An afternoon symposium
Gordon Lathrop: The Cross in the Scriptures and Sacraments
Gail Ramshaw: The Cross in the Lectionary and Hymnody
Felicity Harley-McGowan: The Cross in Early Christian Art
Martin Jean, introducer and moderator
In his 2014 Kavanagh Lecture entitled “Saving Images”, Gordon Lathrop proposed that
one basic purpose of Christian worship is to hold us before and in such Biblical images as they do their work, leading us again to faith in God and causing us to see the world and our neighbors in new ways … images that can do their work in refiguring God and the assembly and the world when they are set out in clarity in our prayer and song and proclamation, images that can re-describe what Christian worship is, images that can draw us again to faith and begin to heal us. They belong in the texts and actions of our common prayer—and also sometimes wonderfully splashed up upon the walls of our meeting rooms. Both in text and on the wall such saved and saving biblical images can be deepening and even transforming to the purpose of our meetings.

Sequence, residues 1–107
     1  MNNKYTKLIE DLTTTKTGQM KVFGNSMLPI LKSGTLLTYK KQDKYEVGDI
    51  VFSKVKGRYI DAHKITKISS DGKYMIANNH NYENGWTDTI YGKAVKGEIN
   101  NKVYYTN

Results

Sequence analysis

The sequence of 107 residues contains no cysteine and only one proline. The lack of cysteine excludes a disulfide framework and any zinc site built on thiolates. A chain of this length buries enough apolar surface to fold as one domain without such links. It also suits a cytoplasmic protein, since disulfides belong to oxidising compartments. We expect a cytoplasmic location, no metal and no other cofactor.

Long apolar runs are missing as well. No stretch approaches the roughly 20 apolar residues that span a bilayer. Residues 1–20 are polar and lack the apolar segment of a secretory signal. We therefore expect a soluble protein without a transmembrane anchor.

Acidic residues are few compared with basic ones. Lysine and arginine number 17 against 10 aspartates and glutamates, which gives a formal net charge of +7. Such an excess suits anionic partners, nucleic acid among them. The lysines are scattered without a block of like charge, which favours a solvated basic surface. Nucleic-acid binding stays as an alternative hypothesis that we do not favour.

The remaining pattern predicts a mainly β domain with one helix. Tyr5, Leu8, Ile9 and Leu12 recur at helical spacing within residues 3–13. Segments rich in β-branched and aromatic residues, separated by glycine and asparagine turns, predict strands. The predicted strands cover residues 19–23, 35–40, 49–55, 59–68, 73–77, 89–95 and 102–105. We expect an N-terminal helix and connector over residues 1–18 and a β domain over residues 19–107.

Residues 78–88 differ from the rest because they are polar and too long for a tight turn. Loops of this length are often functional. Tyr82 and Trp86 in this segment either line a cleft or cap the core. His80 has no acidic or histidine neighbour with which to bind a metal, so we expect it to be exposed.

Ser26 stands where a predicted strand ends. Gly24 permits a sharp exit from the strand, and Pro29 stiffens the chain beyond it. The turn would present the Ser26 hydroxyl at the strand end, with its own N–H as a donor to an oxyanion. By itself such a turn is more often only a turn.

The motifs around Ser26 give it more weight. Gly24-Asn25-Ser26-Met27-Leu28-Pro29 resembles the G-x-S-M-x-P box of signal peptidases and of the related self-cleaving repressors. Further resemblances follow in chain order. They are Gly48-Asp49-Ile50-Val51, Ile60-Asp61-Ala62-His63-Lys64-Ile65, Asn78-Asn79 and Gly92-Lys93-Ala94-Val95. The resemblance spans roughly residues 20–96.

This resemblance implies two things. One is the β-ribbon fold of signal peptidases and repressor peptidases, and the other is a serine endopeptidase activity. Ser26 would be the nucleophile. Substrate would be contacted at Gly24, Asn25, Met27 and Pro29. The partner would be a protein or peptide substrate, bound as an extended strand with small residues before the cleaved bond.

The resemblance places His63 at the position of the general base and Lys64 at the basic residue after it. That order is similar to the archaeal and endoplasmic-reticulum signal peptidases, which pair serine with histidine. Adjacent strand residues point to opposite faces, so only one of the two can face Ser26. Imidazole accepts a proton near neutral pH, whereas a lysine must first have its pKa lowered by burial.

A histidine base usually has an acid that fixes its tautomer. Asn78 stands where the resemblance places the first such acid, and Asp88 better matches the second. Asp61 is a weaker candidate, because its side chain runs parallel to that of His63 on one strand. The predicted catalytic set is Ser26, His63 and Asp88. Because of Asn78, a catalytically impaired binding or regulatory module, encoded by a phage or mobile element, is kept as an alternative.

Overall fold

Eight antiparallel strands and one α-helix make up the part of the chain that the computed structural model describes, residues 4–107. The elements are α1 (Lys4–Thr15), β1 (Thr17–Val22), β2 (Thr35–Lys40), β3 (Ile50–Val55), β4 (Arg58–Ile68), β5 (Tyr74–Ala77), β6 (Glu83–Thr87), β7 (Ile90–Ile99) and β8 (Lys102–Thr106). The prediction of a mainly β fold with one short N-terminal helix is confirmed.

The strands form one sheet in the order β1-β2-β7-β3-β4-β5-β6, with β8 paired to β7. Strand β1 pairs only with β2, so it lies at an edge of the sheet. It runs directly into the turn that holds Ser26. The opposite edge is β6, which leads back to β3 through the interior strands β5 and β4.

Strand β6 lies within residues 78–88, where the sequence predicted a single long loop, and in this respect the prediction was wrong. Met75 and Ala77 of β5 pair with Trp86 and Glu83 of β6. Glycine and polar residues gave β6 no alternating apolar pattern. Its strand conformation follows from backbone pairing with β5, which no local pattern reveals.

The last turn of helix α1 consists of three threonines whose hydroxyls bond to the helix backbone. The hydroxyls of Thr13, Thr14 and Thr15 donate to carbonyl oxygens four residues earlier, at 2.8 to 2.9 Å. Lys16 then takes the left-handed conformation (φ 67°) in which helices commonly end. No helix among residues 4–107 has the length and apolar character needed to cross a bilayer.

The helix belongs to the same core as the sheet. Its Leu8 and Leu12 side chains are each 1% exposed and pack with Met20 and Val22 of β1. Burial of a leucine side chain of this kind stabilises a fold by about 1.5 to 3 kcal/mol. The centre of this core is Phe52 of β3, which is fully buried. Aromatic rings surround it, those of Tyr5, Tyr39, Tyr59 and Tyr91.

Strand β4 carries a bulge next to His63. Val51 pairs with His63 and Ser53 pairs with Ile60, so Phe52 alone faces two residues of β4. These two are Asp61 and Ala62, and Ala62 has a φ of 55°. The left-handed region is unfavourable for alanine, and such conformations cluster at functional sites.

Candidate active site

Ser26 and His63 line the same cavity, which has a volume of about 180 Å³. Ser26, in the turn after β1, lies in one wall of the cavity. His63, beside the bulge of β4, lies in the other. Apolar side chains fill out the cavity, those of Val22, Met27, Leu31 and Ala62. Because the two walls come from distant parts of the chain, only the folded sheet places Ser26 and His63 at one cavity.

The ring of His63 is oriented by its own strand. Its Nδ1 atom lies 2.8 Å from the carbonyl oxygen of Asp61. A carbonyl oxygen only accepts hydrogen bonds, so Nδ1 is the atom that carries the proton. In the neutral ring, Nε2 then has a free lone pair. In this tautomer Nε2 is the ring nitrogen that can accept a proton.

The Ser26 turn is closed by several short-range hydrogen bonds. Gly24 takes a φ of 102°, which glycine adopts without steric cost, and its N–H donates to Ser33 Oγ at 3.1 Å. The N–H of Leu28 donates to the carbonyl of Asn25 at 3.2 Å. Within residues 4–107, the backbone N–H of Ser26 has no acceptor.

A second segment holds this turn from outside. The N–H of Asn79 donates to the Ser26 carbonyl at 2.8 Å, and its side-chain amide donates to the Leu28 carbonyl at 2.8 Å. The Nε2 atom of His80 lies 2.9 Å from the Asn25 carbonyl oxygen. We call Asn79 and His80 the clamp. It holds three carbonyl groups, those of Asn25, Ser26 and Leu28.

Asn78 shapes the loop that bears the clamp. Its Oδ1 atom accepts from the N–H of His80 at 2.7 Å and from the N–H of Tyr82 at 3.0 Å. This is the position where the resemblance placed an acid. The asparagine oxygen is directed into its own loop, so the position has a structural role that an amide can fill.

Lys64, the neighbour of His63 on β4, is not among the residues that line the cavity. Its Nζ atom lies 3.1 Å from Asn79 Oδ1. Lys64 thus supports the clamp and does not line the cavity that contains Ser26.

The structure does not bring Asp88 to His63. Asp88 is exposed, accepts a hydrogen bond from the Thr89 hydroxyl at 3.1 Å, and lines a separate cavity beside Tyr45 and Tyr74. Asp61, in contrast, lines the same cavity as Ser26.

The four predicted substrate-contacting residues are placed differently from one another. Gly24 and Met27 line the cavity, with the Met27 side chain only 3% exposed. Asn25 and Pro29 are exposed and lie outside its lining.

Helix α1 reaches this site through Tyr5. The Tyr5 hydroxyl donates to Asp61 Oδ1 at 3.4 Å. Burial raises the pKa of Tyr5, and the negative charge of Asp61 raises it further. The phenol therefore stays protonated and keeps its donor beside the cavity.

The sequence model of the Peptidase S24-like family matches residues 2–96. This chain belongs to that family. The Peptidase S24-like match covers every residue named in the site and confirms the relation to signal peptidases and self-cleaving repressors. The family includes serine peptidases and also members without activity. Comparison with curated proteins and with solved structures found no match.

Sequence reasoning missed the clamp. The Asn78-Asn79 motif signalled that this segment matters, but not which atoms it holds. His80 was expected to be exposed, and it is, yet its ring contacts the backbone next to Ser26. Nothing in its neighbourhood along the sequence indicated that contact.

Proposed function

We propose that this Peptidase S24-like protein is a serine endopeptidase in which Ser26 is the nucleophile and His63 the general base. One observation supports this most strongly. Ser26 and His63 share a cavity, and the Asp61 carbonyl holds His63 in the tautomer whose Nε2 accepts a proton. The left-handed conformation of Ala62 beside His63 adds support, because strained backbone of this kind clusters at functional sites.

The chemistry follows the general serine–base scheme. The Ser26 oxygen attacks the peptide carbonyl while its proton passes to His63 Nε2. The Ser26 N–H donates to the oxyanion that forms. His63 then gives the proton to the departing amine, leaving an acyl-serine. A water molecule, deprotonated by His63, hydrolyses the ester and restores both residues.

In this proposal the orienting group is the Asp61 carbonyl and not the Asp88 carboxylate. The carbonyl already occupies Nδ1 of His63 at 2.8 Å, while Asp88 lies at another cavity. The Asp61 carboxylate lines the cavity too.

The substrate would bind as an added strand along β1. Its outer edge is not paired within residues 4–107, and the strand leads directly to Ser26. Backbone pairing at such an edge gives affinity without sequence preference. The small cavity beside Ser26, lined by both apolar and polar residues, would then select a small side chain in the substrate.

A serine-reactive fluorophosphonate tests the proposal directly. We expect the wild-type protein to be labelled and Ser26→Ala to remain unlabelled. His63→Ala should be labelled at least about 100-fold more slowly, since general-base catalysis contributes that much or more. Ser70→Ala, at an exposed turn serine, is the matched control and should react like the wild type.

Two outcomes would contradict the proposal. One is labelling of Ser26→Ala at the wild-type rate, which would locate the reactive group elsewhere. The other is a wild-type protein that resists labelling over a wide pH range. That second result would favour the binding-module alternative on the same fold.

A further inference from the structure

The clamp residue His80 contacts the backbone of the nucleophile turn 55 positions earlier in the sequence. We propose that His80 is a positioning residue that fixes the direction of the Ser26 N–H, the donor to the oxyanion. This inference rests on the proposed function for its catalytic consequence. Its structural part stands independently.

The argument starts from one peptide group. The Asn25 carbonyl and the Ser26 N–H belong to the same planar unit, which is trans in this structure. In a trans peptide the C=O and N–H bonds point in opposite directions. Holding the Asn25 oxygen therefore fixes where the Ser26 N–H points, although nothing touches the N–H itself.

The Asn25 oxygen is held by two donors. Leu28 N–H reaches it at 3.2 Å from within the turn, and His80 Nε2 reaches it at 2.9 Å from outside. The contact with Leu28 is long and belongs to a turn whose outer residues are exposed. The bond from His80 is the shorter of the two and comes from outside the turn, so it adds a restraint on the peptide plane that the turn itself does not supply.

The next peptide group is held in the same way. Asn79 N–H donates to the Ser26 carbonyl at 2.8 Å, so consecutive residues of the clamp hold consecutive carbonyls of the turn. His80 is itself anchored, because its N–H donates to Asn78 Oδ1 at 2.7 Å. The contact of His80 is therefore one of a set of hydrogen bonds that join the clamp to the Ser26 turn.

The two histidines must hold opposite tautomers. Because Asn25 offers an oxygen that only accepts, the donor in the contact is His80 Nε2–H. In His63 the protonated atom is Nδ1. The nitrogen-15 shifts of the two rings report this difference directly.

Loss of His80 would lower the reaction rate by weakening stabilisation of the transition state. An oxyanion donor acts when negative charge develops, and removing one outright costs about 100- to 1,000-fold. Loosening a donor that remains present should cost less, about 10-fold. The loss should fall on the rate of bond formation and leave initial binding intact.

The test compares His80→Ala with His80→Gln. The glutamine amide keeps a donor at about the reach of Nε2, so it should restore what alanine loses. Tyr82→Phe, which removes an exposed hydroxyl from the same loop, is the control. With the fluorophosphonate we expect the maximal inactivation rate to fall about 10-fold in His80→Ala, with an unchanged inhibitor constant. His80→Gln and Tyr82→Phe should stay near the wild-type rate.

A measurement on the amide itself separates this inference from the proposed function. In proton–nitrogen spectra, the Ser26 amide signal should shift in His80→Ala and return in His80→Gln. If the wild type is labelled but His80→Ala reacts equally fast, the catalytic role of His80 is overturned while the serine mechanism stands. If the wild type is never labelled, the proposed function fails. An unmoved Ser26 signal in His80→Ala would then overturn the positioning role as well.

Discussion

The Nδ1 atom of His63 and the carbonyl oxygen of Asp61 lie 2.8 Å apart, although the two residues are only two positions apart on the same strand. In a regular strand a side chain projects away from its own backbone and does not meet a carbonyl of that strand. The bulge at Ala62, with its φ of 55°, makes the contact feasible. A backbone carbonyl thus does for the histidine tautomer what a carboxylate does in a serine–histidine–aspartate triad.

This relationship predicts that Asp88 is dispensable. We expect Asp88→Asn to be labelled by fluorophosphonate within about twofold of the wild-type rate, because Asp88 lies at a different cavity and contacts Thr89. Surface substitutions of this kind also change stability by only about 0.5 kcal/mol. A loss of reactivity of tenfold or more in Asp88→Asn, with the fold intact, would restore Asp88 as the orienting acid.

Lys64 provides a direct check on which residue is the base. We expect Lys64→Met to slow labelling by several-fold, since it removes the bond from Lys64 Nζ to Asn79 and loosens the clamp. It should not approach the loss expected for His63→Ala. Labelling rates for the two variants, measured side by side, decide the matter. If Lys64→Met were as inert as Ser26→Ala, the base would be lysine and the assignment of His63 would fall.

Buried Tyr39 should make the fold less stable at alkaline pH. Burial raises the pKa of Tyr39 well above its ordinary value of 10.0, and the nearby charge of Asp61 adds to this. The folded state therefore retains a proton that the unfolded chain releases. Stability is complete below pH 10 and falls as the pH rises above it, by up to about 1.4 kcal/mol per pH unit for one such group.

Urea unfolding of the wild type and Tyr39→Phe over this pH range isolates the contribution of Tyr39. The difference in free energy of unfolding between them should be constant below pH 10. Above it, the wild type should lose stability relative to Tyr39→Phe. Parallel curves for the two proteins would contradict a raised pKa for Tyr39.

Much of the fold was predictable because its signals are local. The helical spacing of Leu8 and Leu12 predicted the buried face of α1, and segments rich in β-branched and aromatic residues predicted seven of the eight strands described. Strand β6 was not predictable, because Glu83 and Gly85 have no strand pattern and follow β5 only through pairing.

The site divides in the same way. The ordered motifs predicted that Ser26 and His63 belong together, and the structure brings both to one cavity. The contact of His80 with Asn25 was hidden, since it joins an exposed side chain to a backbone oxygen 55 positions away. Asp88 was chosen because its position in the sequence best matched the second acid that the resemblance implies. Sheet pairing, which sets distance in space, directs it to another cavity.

This public event attempts to explore one such image — the cross — in Bible, liturgy, and art, for the purpose of opening up the worship of our communities and exploring the power of images in general.
Especially since the 12th century’s substitutionary theory of atonement, the Christian cross has come to symbolize solely Christ’s extreme suffering for the sake of sinful humankind. But there is more in the tradition than misery. A conversation at the ISM will discuss the wider biblical, liturgical, and artistic use of the cross, towards an enriched spirituality in the 21st century.